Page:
Located 2,600 miles southwest of Hawaii, the National Park of American Samoa is the most remote unit of the National Park System and the U.S. National Park south of the Equator. The Park spreads across three islands, 9,500 acres of tropical rainforest, and 4,000 acres of ocean, including coral reefs. While remote, the islands of American Samoa, true to the meaning of the word Samoa (Islands of Sacred Earth), are welcoming and offer beautiful landscapes and centuries of culture and history.
Seasoned backpacker and adventurer Yang Lu earned the grand prize in the 2015 Share the Experience photo contest with this image of a sunburst captured at sunrise in Glen Canyon National Recreation Area, Utah. Yang has made the outdoors part of his daily life and finds deep connection to the land through his lens.
“My photography is not just for recreation, it is to inspire people to explore these areas." -- Yang Lu
Photo by Yang Lu (www.sharetheexperience.org).
The plantings of cherry trees originated in 1912 as a gift of friendship to the People of the United States from the People of Japan. In Japan, the flowering cherry tree, or "Sakura," is an exalted flowering plant. The beauty of the cherry blossom is a potent symbol equated with the evanescence of human life and epitomizes the transformation of Japanese culture throughout the ages.
Madam Chairwoman and Members of the Subcommittee, I am Michael L. Connor, Commissioner of the Bureau of Reclamation.I am pleased to provide the Department of the Interior's views on H.R. 2442, legislation to expand the Bay Area Regional Water Recycling Program (BARWRP).Although Reclamation commends BARWRP's goals, for reasons discussed below the Department cannot support H.R. 2442.
H.R. 2442 would amend the Reclamation Wastewater and Groundwater Study and Facilities Act (43 U.S.C. 390h et seq.), commonly called Title XVI, to authorize the Secretary of the Interior to participate in the design, planning, and construction of six new projects for water recycling and distribution of non-potable water supplies in the greater San Francisco Bay Area. The legislation would also increase the Federal cost share for two previously-authorized Title XVI projects in the same area to $16.3 million from $10.5 million.H.R. 2442 would increase the number of BARWRP projects from eight to 14.
As a threshold matter, I'd like to express the Department's general support for the Title XVI Reclamation and Reuse program.The 2010 budget proposal includes funding for Secretary Salazar's Water Conservation Initiative and Title XVI is an important element of that program.Also, on July 1, the Department announced the award of approximately $135 million in grants for specific authorized Title XVI projects.Reclamation also recently selected 27 Title XVI projects – 26 of which are in California – that will receive American Recovery and Reinvestment Act of 2009 funding.We recognize that water reuse is an essential tool in stretching the limited water supplies in the West.
However, given that there are 53 already authorized Title XVI projects and numerous competing mission priorities and demands on Reclamation's budget, the Department cannot support the authorization of new Title XVI projects at this time.As a practical matter, Reclamation is concerned that a proliferation of authorized projects would be detrimental to effective overall program management because there would be a dilution of available funding and a diminished ability of the Bureau to carry out and complete individual projects.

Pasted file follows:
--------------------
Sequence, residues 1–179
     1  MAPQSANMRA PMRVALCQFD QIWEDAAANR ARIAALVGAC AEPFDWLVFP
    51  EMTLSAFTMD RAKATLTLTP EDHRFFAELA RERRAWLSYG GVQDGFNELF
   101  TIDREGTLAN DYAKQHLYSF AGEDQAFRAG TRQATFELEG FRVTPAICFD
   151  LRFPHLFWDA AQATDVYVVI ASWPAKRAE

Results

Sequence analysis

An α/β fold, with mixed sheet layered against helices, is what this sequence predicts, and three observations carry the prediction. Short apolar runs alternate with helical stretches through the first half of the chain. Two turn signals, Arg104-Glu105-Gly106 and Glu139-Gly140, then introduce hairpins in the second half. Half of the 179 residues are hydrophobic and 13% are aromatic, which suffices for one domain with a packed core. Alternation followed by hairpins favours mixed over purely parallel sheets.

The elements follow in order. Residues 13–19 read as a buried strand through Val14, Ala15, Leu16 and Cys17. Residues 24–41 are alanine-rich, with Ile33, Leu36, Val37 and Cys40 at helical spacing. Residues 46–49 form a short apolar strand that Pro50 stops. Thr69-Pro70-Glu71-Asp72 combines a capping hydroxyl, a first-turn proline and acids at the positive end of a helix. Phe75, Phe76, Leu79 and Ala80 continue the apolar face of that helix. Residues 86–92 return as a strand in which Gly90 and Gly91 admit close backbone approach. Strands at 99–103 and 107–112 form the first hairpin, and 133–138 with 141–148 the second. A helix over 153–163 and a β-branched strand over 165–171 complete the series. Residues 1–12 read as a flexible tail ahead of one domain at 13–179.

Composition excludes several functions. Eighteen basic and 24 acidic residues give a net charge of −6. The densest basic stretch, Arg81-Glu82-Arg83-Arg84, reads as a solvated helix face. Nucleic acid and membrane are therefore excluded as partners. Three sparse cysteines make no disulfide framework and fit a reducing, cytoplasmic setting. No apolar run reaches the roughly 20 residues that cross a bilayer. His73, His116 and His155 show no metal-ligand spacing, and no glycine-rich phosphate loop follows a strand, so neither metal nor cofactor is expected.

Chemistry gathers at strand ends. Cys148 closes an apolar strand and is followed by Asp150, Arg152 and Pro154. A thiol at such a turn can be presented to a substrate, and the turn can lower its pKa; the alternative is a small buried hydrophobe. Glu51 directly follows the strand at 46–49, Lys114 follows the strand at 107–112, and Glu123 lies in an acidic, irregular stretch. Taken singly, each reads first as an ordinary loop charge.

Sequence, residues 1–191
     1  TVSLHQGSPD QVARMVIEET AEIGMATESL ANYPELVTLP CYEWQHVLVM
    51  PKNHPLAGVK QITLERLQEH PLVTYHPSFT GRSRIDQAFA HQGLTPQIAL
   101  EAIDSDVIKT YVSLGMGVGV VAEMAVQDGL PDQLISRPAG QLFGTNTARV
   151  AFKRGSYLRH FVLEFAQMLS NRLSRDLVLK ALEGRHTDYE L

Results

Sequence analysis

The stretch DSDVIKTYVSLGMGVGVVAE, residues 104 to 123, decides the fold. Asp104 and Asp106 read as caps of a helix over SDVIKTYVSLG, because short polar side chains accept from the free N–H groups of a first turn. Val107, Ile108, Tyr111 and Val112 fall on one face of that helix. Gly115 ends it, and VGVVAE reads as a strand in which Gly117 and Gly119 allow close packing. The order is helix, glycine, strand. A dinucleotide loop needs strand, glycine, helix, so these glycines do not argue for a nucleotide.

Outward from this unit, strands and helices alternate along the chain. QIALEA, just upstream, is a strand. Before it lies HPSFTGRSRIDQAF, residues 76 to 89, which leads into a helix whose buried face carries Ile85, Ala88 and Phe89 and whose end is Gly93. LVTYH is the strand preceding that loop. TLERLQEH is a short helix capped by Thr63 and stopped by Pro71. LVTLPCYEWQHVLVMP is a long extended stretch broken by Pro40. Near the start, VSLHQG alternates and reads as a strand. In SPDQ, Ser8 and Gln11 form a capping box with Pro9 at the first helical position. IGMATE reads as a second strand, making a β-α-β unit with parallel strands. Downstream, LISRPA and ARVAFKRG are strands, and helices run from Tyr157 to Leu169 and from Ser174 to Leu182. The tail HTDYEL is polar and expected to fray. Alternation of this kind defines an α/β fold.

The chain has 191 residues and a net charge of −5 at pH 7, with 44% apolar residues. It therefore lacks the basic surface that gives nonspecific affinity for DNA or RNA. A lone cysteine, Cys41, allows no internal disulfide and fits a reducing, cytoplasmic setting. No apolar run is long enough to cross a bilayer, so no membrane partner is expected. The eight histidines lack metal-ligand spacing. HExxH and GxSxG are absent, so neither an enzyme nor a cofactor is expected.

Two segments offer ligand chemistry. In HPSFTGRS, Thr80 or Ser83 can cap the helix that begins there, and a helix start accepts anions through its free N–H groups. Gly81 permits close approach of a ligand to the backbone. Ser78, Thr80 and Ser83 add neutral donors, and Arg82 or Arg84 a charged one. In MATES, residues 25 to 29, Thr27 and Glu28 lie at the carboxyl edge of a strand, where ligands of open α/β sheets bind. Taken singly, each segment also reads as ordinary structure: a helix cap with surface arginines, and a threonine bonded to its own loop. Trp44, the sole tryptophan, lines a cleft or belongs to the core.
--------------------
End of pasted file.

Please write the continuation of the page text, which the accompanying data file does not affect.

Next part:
Reclamation will, however, continue to work with project proponents to evaluate the feasibility of their projects.To that end, Reclamation recently revised and improved its directives and standards that govern the review of Title XVI projects.By doing so, we believe that Reclamation can play a constructive role with local sponsors, as well as Congress, in evaluating the merits of proposed water recycling projects. Information regarding a project's feasibility should be fundamental to Congress' evaluation of new authorizations.
Many Federal Title XVI projects are located in the greater San Francisco Bay area, a region that encompasses the United States' largest west coast estuary and the source of drinking water for two-thirds of California.Many of the local project sponsors work together through entities such as the Bay Area Recycled Water Coalition.Over the past decade, such agencies have invested nearly $300 million of local funds in water recycling projects.
Reclamation commends these agencies for working together to coordinate their efforts to address the regional issues of water supply and water quality.Reclamation, in collaboration with each project sponsor, is assisting in the preparation of project-specific feasibility reports and will review all submitted documents for compliance with applicable Federal environmental and cultural regulations.
H.R. 2442 authorizes the appropriation of over $38 million of new or increased Federal cost shares.The Department supports efforts to increase local water supplies and increase recycled water use in northern California.However, the Department does not support the authorization of new Title XVI projects which have not yet received a determination that they are feasible for construction.Also, as discussed above these projects would compete with other needs within the Reclamation program, including other Title XVI projects currently under construction, for funding priority in Reclamation's Budget.
Madam Chairwoman, this concludes my testimony.Thank you for the opportunity to comment on H.R. 2442.I would be happy to answer any questions at this time.